So this low rate of detection in humans, coupled with our apparent inability to be able to use magnetism has lead some to suspect that it is vestigial; like the tonsils of the brain. It is possible that some of our non-human ancestors may have possessed this ability, but with no selection pressure to keep this ability working to perfection the system begins to break down. It doesn’t just vanish overnight. It maybe that we have discovered this ability at it’s 3am stage. There’s some evidence that it was at the party but the memory is pretty vague and you wouldn’t trust it to drive just yet.
I complain about a lot of things. Some of them are real complaints. Others not so much. Okay, most of them not so much. But for the most part, my complaints stop right there. I imagine I’m like a lot of you. We don’t like something. We think something is wrong. We complain about it, but we don’t know what to do beyond that. What’s that next step?
For me all too often the next step is moving on. You can see how bad this is if the thing you are complaining about actually is really important. I say all of this because right now, kids… KIDS(!), a generation that always gets stereotyped as coddled and lazy are mobilizing en masse to deal with climate change. They complained, THEN DID SOMETHING. Revolutionary if you ask me.
On Friday, 15 March 1.4 million children from 123 countries went on a climate strike to demand stronger climate policies from their respective governments. It was likely one of the largest environmental protests in history. The strike leader was Greta Thunberg who I’ve talked about before. Her reason for the movement? She said, “This movement had to happen, we didn’t have a choice. We knew there was a climate crisis. We knew because everything we read and watched screamed out to us that something was very wrong.”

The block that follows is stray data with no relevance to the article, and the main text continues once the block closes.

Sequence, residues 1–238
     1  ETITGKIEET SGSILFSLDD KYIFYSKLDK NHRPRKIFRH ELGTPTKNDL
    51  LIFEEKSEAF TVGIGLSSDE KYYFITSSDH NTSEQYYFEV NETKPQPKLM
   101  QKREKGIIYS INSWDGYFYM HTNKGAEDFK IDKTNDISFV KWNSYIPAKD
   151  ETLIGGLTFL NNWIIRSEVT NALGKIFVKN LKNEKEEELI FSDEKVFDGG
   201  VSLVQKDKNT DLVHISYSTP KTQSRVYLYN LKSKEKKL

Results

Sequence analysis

What do they want? From an op-ed in the Guardian, “they want to keep fossil fuels in the ground, phase out subsidies for dirty energy production, seriously invest in renewables and start asking difficult questions about how we structure our economies and who is set to win and who is set to lose”.
The other goal is to simply get more people talking about
climate change, and elevating the conversation. One good way to do
that is to get 1.4 million people to march. Of course, this needs
the media to join as well. And as we all know the media tends to
not focus on climate change even though the problem will likely
dominate the discourse over the next century.
So if the media won’t talk about it the grassroots have to force the conversation. Now things seem to be changing in the US as folks advocating for reality, I mean climate action, are playing the offensive. With this strike, the Sunrise Movement, the Green New Deal, and even a major party presidential candidate Jay Inslee making climate change the focus of his run.
This doesn’t mean there aren’t people tut-tutting all of this. From Theresa May to whole political parties in the US, and others in Australia and elsewhere. There are still plenty of obstacles in the way of a proper response to climate change. But in order to finish an obstacle race, you need to start it.
The latest science news in quiz form. Can you beat the Blue Streak team?
That concludes this episode of the Blue Streak Science Podcast.
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This show is produced by the Blue Streak Science team, and edited by Pro Podcast Solutions.
Our hosts today were Sophie McManus, Chris MacAlister, and Tom Di Liberto
I’m JD Goodwin.
Thank you for joining us.
And remember…follow the science!